The first good news from Cannes in 2014 is that it didn’t rain! As I enjoyed the spring sun, I remembered how miserable the weather had been during the 2013 conference, adding to the general sense of despondency amongst many MIPIM delegates then.
This year, the better weather was an appropriate backdrop to the generally sunnier dispositions of the attendees. The seminars I attended, as well as my conversations with individual representatives of various companies and industry sectors, indicated that the financial crisis is receding.
Stirring out of paralysis
12 months ago, we were at the tail end of the Eurozone crisis, with everyone still shocked and very cautious after the progressive revelations of just how bad things were in Portugal, Italy, Greece and Spain. Now that their difficulties are no longer an imminent threat to the entire Eurozone, there is a bit more freedom to think and to move.
In fact, investors are stirring out of paralysis, seeing and seeking opportunities in these very countries. Of course, this is inevitably a matter of taking advantage of distressed situations, as the issues are by no means resolved, but at least there is movement! Any form of capital inflow to these countries again means that international investors are taking note of their possibilities.
Increasing allocations to global real estate
We also met several investors speaking of increasing their allocations to global real estate again, with Europe an important part of that reallocation. They are coming out of fixed income bonds and out of emerging markets, which have taken a hammering due to recent events in those regions. In a seminar we attended, this trend was confirmed by The European Investors in Non-listed Real Estate Vehicles (INREV).
More capital for real estate investment
Capital is being raised to invest in European properties, with more availability of debt finance in several ways. Firstly, banks are coming back into the debt market, widening their criteria and offering reasonably good rates. Secondly, alternative lenders such as debt funds and insurance companies are now following the US model, competing with banks and providing competitive financing. And thirdly, a variety of wealthy investors and family offices have begun looking for stable European cities in which to invest. Switzerland is attracting interest again, and so is Luxembourg.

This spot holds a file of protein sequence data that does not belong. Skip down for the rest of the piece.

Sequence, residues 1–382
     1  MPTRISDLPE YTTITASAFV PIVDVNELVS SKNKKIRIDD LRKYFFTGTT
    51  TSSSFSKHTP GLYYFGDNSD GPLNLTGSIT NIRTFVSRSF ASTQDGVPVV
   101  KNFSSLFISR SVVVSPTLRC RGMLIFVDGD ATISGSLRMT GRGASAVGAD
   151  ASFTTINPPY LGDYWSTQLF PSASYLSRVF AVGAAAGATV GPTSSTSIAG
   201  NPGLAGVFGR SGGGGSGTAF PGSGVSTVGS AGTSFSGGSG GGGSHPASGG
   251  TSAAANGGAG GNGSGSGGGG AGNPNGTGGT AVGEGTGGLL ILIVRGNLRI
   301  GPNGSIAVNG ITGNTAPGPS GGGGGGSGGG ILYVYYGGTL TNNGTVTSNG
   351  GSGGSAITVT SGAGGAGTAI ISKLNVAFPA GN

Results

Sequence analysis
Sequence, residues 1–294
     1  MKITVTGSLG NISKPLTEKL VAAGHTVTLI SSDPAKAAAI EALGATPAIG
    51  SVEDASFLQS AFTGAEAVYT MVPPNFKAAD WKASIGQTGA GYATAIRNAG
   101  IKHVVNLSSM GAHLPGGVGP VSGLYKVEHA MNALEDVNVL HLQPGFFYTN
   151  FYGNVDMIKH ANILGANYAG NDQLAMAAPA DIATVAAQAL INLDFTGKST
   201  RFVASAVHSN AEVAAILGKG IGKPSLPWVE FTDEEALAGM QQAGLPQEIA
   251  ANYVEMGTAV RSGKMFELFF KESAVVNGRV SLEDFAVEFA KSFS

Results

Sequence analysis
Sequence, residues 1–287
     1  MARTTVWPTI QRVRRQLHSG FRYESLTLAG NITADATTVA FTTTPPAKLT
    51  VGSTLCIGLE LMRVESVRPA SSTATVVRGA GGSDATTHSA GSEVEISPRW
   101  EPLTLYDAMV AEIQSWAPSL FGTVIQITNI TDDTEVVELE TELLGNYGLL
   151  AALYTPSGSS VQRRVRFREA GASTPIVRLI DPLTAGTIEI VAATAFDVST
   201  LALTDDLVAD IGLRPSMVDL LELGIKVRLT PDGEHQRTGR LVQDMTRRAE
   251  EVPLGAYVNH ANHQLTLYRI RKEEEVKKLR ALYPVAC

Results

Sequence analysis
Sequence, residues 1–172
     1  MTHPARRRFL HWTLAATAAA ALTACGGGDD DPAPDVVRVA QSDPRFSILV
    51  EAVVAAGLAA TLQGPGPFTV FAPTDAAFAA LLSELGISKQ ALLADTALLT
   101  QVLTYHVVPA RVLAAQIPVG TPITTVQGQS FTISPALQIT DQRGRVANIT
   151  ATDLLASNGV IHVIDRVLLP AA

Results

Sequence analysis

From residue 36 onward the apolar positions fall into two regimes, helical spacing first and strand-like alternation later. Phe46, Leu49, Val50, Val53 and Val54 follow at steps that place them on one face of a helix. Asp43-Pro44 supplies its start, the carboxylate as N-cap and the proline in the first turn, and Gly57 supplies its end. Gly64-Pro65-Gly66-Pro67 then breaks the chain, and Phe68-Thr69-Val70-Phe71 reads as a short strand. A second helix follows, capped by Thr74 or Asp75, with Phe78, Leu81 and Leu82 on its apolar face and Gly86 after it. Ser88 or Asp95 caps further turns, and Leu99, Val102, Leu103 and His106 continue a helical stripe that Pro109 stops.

Renewed interest in secondary properties
In general, while people are still careful, they are beginning to consider a wider range of possibilities. Due precisely to the Eurozone troubles, investors were exercising extreme caution over the past 12-18 months, and only prime Grade A space has let or sold. There was very little activity in secondary investments, for example those requiring refurbishment, or with leases expiring, or in secondary locations, or in secondary cities. This led to a lot of competition for Grade A space and therefore prime cities like London, Paris, Munich and Frankfurt are already hotting up, causing prime yields for the best stock to reduce to pre-crisis levels.
Rents up in Luxembourg
Now, with the general relaxing of criteria, investors are looking further up the risk curve and beginning to consider prime properties in secondary cities, and secondary locations in top cities. Rents in Luxembourg have already shot up to beyond pre-crisis levels.
This MIPIM blog post summarises “the essential findings from MIPIM 2014 and some key trends we can expect to see over the next several years”, and its title reflects the general feeling of the Wrap-Up meeting very well: MIPIM 2014 Wrap-Up: “The property market is back in business!”